Blessed be God, at the end of the last year I was in very good health, without any sense of my old pain, but upon taking of cold.1 I lived in Axe Yard having my wife, and servant Jane, and no more in family than us three. My wife . . . . gave me hopes of her being with child, but on the last day of the year . . . .[the hope was belied.]2 The condition of the State was thus; viz. the Rump, after being disturbed by my Lord Lambert, was lately returned to sit again. The officers of the Army all forced to yield. Lawson lies still in the river, and Monk is with his army in Scotland. Only my Lord Lambert is not yet come into the Parliament, nor is it expected that he will without being forced to it. The new Common Council of the City do speak very high; and had sent to Monk their sword-bearer, to acquaint him with their desires for a free and full Parliament, which is at present the desires, and the hopes, and expectation of all. Twenty-two of the old secluded members3 having been at the House-door the last week to demand entrance, but it was denied them; and it is believed that [neither] they nor the people will be satisfied till the House be filled. My own private condition very handsome, and esteemed rich, but indeed very poor; besides my goods of my house, and my office, which at present is somewhat uncertain. Mr. Downing master of my office.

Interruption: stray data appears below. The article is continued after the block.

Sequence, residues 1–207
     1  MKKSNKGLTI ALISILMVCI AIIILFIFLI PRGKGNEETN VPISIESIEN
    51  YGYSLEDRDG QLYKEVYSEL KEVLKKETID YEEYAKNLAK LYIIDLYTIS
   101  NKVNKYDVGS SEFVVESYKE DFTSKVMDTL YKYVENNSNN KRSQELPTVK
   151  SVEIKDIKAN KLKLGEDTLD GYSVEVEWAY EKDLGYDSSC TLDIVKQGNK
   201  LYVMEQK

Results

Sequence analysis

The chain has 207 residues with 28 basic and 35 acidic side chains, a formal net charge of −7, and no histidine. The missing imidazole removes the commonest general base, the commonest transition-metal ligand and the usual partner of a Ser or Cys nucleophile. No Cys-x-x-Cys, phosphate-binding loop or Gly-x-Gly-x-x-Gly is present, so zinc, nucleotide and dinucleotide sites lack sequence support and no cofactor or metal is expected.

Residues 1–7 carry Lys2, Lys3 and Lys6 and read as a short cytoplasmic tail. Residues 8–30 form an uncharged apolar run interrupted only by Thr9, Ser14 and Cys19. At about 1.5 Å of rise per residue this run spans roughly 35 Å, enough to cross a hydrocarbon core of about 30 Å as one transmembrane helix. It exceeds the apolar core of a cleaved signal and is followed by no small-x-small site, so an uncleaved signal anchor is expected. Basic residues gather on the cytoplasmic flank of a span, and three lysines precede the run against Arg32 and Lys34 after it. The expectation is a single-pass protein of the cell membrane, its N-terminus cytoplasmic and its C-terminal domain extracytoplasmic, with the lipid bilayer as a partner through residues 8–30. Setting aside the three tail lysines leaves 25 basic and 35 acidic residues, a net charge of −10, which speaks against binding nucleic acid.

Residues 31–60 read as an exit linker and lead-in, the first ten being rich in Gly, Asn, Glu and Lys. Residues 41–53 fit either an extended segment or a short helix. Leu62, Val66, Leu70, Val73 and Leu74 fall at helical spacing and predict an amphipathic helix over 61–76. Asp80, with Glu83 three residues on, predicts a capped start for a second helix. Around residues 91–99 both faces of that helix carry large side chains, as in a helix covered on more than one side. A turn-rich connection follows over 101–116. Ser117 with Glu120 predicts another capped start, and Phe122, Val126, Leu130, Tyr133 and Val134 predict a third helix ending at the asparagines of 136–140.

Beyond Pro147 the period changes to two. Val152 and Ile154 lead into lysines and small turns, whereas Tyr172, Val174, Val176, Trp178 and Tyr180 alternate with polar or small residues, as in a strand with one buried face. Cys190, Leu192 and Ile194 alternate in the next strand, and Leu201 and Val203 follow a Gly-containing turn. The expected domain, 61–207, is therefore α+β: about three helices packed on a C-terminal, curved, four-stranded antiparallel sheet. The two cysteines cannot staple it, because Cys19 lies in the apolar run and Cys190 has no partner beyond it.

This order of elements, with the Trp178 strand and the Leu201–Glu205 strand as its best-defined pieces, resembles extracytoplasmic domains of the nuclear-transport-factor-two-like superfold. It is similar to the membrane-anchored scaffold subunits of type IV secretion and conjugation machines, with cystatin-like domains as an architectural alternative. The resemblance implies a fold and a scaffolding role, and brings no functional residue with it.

This morning (we living lately in the garret,) I rose, put on my suit with great skirts, having not lately worn any other, clothes but them. Went to Mr. Gunning’s chapel at Exeter House, where he made a very good sermon upon these words:–“That in the fulness of time God sent his Son, made of a woman,” &c.; showing, that, by “made under the law,” is meant his circumcision, which is solemnized this day. Dined at home in the garret, where my wife dressed the remains of a turkey, and in the doing of it she burned her hand. I staid at home all the afternoon, looking over my accounts; then went with my wife to my father’s, and in going observed the great posts which the City have set up at the Conduit in Fleet-street. Supt at my, father’s, where in came Mrs. The. Turner and Madam Morrice, and supt with us. After that my wife and I went home with them, and so to our own home.
—1 January 1659/60 (Lord’s Day) [Samuel Pepys’ Diary]PepysDiary.com)
Weblogs have gotten a lot of people excited about historical diaries. Perhaps the most famous is that of Samuel Pepys, who kept a diary from 1659-1669, a span that includes the Great Fire and the Great Plague. The diary will be posted online in chunks, and readers can comment on the postings, just like a weblog. The online verison is slightly edited, leaving out the bits perceived by previous editors as too salacious or unseemly for respectable audiences. (Thanks for the link, Ben.)